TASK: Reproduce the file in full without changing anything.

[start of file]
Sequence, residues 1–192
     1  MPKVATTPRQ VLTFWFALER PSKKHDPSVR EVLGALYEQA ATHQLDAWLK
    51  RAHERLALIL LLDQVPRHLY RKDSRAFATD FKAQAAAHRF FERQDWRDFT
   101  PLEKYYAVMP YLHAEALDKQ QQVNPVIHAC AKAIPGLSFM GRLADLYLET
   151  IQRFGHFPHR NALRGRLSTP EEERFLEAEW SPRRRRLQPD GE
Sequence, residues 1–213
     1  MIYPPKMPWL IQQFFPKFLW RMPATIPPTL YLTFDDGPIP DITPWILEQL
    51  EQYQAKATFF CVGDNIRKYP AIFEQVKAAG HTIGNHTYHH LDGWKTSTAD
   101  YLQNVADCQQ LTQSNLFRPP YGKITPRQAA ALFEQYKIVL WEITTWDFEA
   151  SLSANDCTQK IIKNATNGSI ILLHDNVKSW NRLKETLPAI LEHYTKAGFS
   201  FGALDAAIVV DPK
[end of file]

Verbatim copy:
Sequence, residues 1–192
     1  MPKVATTPRQ VLTFWFALER PSKKHDPSVR EVLGALYEQA ATHQLDAWLK
    51  RAHERLALIL LLDQVPRHLY RKDSRAFATD FKAQAAAHRF FERQDWRDFT
   101  PLEKYYAVMP YLHAEALDKQ QQVNPVIHAC AKAIPGLSFM GRLADLYLET
   151  IQRFGHFPHR NALRGRLSTP EEERFLEAEW SPRRRRLQPD GE
Sequence, residues 1–213
     1  MIYPPKMPWL IQQFFPKFLW RMPATIPPTL YLTFDDGPIP DITPWILEQL
    51  EQYQAKATFF CVGDNIRKYP AIFEQVKAAG HTIGNHTYHH LDGWKTSTAD
   101  YLQNVADCQQ LTQSNLFRPP YGKITPRQAA ALFEQYKIVL WEITTWDFEA
   151  SLSANDCTQK IIKNATNGSI ILLHDNVKSW NRLKETLPAI LEHYTKAGFS
   201  FGALDAAIVV DPK